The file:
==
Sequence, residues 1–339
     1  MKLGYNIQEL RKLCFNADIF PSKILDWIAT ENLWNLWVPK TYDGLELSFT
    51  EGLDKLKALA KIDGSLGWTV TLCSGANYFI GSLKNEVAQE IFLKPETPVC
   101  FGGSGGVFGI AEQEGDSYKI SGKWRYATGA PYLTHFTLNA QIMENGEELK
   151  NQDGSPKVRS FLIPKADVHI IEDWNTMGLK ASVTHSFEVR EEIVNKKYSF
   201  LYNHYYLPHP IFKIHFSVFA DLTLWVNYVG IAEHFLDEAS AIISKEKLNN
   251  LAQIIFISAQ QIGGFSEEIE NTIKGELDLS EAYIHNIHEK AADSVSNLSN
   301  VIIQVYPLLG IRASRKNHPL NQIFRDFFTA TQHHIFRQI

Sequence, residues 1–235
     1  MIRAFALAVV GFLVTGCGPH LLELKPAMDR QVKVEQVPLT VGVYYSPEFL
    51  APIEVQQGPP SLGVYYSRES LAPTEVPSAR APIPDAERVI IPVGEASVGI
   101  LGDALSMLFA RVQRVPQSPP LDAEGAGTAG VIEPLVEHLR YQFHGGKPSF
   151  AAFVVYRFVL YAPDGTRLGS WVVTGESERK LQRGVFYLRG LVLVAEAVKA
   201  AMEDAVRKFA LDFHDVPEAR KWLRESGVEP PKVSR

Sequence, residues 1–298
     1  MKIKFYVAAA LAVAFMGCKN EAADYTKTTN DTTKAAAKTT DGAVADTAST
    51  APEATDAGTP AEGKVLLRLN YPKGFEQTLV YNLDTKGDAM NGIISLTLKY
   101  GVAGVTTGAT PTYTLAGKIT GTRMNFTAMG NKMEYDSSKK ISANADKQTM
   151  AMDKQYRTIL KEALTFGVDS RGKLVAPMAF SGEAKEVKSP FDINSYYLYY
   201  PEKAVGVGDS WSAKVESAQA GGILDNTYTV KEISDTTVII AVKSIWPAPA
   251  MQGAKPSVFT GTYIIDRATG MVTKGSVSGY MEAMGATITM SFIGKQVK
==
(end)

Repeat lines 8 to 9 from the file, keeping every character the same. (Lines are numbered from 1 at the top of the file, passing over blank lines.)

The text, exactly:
   301  VIIQVYPLLG IRASRKNHPL NQIFRDFFTA TQHHIFRQI

Sequence, residues 1–235